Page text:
Durham Literacy Center turning 25

Reggie Hodges
Reggie Hodges

Todd Cohen

DURHAM, N.C. — When the Durham Literacy Center was formed in 1985, the clients it aimed to serve mainly were black, many of them former workers for what had been the city’s cigarette and sock factories.

“Many of the workers had very poor literacy skills because they didn’t need them, they did manual labor,” says Reggie Hodges, the center’s executive director.

Now, with the city’s Hispanic population totaling 30,000, up from 2,000 in 1990, Hodges says, many of the center’s clients are Hispanic and its focus increasingly is on equipping them for future jobs and helping them help themselves.

To better serve the city’s increasingly diverse population, including new waves of immigrants from Iraq, Burma and Vietnam, Hodges says, the center this year plans to launch a capital campaign to raise $2.5 million to renovate a former office building in the Lakewood near downtown to serve as its new offices.

The center, which operates with an annual budget of $400,000, serves roughly 550 people a year, or the maximum it can handle, says Hodges, who joined the center in 2004 after teaching at Alamance Community College.

A former Peace Corps volunteer, Hodges previously had lived and worked in Africa for 30 years.

The center provides three main programs, including English for speakers of other languages, adult literacy and a teen career academy.

Serving over 300 people, including 250 whose native language is Spanish, the program for speakers of other languages is the agency’s biggest.

It offers classes in four levels of English proficiency, typically with 10 to 12 students and two teachers per class, with each two-hour class meeting twice a week, and students typically staying in the program for 18 months.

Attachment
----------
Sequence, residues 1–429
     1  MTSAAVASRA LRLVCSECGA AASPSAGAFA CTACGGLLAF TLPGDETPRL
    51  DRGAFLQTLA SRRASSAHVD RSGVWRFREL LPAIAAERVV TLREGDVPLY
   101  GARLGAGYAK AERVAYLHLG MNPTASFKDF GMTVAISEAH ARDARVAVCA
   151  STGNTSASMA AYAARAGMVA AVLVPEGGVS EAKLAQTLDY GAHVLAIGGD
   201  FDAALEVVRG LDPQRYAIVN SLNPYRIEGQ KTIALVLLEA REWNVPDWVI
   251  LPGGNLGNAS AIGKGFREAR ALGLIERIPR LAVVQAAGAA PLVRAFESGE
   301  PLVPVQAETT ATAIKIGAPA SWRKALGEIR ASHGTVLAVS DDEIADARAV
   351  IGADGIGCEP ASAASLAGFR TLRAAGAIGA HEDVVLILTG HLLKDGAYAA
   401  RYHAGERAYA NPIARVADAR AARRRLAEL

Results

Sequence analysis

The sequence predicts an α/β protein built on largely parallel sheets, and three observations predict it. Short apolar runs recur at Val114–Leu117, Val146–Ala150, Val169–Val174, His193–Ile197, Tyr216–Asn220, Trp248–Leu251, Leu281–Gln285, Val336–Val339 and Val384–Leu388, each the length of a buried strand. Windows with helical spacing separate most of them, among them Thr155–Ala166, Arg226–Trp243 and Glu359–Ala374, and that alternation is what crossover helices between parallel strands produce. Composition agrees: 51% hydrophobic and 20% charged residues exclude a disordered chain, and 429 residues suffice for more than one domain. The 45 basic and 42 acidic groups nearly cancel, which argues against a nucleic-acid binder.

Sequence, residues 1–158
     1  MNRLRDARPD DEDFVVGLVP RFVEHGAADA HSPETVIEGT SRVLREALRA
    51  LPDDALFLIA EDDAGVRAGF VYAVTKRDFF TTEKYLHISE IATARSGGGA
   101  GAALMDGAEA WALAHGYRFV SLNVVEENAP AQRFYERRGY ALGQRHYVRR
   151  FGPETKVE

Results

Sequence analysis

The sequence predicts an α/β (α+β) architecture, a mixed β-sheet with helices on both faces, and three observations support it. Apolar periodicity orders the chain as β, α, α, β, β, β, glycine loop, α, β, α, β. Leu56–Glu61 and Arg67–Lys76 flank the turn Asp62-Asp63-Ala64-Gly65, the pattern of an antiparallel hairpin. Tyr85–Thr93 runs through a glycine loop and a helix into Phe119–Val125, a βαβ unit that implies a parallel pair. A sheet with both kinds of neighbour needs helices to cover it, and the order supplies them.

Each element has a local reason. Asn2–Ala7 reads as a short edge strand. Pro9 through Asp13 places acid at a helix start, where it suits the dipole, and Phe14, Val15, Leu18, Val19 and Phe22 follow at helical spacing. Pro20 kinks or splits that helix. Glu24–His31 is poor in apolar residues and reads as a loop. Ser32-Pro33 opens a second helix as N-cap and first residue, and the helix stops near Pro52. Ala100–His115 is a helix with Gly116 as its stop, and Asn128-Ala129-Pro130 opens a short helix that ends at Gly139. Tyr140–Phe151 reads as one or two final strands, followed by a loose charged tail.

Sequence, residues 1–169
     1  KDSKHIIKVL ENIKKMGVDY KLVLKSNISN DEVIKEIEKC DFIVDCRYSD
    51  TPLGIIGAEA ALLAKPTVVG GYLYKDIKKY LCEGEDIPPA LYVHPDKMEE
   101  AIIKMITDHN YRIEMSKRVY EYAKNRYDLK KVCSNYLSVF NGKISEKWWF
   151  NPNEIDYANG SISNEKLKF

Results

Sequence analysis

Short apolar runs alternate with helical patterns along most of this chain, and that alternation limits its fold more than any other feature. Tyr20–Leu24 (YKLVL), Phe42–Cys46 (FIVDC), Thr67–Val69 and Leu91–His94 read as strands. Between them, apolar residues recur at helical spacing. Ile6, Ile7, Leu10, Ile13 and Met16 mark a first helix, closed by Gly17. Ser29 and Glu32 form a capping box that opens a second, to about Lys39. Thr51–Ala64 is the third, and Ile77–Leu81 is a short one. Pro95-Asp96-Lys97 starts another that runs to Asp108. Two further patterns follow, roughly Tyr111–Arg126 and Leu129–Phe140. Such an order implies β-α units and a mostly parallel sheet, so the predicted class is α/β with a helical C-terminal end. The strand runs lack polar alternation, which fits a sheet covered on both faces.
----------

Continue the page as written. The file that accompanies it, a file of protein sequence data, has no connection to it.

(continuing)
For the adult-literacy program, the center trains tutors and pairs them one-on-one with students four hours a week, with students typically staying in the program for four years.

Roughly 12 percent of adult North Carolinians who participate in literacy programs read below third-grade level, compared to 54 percent of those participating in the center’s programs, Hodges says.

The center’s Teen Career Academy serves youth ages 16 to 18 who drop out of Durham’s public schools and read at a sixth-grade level or above.

The program aims to help teens earn their graduate equivalency degree, or GED, and get into community colleges.

The center generates roughly $100,000 a year through government grants, $175,000 from United Way of the Greater Triangle and smaller foundations, and $125,000 from individuals and events.

While many nonprofits have struggled because of the recession, Hodges says, the literacy center has added staff and seen its budget grow by $40,000, both through the sale of a building it received as a gift several years ago and a shift in its revenue strategy.

The center, for example, dropped a fee-for-service contract under the federal Workforce Investment Act that could have generated $20,000 but was based on the number of students served and their actual attendance.

Instead, focusing on raising money from individuals and through non-government grants, the center generated $50,000.

With the center increasingly serving Hispanics, Hodges says, its programs increasingly have focused on the vocabulary its students will need for future jobs in industries like construction and auto detailing.

Employers have told the center that a job applicant who speaks English and Spanish can earn $7,500 more a year than one who speaks only

The center also increasingly tries to “empower people to take control of their lives and to get involved in their community,” Hodges says.

Typically unable to read or write when they first come to the center, clients often lack confidence, he says.

But in working with the center’s staff, he says, they “gain pride and respect for themselves and their community.”

Susan Springer, a board member who is chairing the center’s 25th anniversary and has volunteered in the adult-literacy program, says the center is all about empowerment.

Learning to read and write “is the most fundamental and basic skill you can have,” she says. “Without it, it’s very hard to be successful in your life.”

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